[By: Chaskel Bennett]
The debate is still raging. Should Bibi have accepted? Should he have cancelled? No speech in recent memory created such an enormous reaction in the political fish bowl of Washington. Unfortunately the Netanyahu address has caused members of Congress to focus more on the political maneuverings of Speaker Boehner and less on the dangerous prospects of a bad deal with Iran. Of all the regrettable issues surrounding the speech, that lack of focus has cost the process valuable time needed for substantive debate on the real issue of stopping a nuclear Iran. One can conjecture, the Israeli Prime Minister felt that challenging the Obama Administration was the only way to cause the angst necessary to alert Americans to the danger of a bad deal. But at what cost to the Israeli- American relationship? Responsible pro-Israel experts are concerned about the future of American- Israel relations and if they are worried, we should be too. There is no question the Obama- Netanyahu relationship has reached a dangerous tipping point. This gamble, by the Israeli leader has caused multiple complications for numerous entities outside of the Beltway bubble. Unfortunate indeed.
The Obama-Netanyahu impasse placed nearly all Democratic Congressional members in a difficult and uncomfortable position. Many long time pro-Israel members including Democratic Whip Steny Hoyer of Maryland, Jerry Nadler of NY, Ted Deutsch of Florida and Brad Sherman of California have personally told this writer how much they regret the way the speech came to pass. But all four to their credit, never publicly wavered in their decision to attend the Prime Minister’s address. Unfortunately others like New York Representatives Charlie Rangel and Gregory Meeks announced from the onset their regrettable decision to boycott and never came off their rigid position. Others much closer to home, avoided any public commitment altogether, leaving their constituents to wither on the vine. Which leads us to Brooklyn Congressman Hakeem Jeffries. Mr. Jeffries is a member of the Congressional Black Caucus and a rising star on the New York and national political scene. He represents the very diverse NY 8 Congressional district that includes thousands of Jews, African Americans and other ethnicities. The debate surrounding the speech clearly placed enormous pressure on Mr. Jeffries to join some of his Congressional Black Caucus colleagues and boycott the Netanyahu address. Many members of the CBC, unfortunately concluded that the Netanyahu speech was designed to embarrass or disrespect President Obama,the first African American President. Their argument falls short most importantly because the issue here is and always was about Iran and its pursuit of nuclear weapons and threats of genocide- never a debate on race. With pressure from as high up as possibly the White House, Congressman Jeffries courageously rose to the challenge despite his stated distaste for the partisan nature of the Speakers invitation. He made it clear, that for him, the Iranian nuclear threat superseded Washington politics as usual. Courageous indeed.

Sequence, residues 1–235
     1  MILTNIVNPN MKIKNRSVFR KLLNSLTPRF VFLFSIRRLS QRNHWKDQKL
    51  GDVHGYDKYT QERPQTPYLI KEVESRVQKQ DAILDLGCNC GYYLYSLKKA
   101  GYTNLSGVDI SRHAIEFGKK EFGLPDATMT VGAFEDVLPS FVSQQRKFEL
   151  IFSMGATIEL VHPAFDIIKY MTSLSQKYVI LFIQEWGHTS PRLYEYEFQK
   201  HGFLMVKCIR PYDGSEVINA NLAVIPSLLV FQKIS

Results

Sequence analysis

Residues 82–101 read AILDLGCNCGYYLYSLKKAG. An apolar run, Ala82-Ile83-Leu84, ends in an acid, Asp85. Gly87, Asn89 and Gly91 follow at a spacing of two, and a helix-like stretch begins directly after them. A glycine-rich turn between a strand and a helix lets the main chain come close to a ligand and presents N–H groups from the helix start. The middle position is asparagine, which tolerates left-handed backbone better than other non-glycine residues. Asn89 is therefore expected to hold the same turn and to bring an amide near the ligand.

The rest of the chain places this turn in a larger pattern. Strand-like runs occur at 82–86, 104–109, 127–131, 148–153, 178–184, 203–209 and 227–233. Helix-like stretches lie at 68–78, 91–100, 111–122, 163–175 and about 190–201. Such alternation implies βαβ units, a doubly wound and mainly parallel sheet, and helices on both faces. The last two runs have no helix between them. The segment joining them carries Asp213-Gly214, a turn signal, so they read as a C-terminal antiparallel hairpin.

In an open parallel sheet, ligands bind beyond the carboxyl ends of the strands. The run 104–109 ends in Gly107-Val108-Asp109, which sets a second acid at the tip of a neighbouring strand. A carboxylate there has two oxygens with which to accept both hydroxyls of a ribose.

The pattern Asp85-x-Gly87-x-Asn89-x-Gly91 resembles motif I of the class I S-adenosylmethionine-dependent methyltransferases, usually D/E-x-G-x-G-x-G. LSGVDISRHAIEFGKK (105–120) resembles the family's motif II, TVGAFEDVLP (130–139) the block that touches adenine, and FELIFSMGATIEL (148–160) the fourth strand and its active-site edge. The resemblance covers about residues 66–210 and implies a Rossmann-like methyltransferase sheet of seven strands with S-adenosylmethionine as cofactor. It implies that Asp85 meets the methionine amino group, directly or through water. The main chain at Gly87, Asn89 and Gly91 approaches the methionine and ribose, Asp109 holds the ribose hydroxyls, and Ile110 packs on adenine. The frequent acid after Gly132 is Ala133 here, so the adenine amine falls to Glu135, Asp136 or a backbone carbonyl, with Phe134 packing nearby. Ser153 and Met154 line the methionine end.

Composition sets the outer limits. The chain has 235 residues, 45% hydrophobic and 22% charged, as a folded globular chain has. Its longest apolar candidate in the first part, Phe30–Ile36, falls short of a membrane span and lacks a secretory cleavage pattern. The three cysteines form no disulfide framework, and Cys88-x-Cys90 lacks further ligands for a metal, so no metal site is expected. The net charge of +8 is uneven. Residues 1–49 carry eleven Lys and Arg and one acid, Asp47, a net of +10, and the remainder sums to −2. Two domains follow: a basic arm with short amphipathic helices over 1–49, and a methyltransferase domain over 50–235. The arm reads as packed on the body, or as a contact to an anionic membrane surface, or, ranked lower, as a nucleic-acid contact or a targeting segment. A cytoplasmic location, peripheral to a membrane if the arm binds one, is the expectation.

When a member of Congress defies partisan expectations foisted on them in favor of principle, truth and honesty,it is cause to stand up and herald the founding father’s noble experiment of a House of Representatives. How refreshing it is to see a member of Congress actually listen to their constituents, deliberate their divergent views and come up with a sound decision that makes sense. Sadly, we Americans have not always experienced such moral clarity from our elected officials and for this reason alone we all should applaud Congressman Jeffries for his decision to stand up for Israel and the Jewish people. For those who know him, this strength of character comes as no surprise. His leadership on Israel and others matters of moral concious has made him an important voice for our city and country and we should be deeply grateful for a representative with such courage and conviction. America needs more such voices.
With the Iran sanctions debate heating up over the next few weeks in Washington, members of Congress who decided not to attend the Prime Minister’s speech, for whatever reasons, will get their chance soon enough to place principle over politics. Courage will surly be required….again.
NOTE: The views expressed here are those of the authors and do not necessarily represent or reflect the views of YWN.
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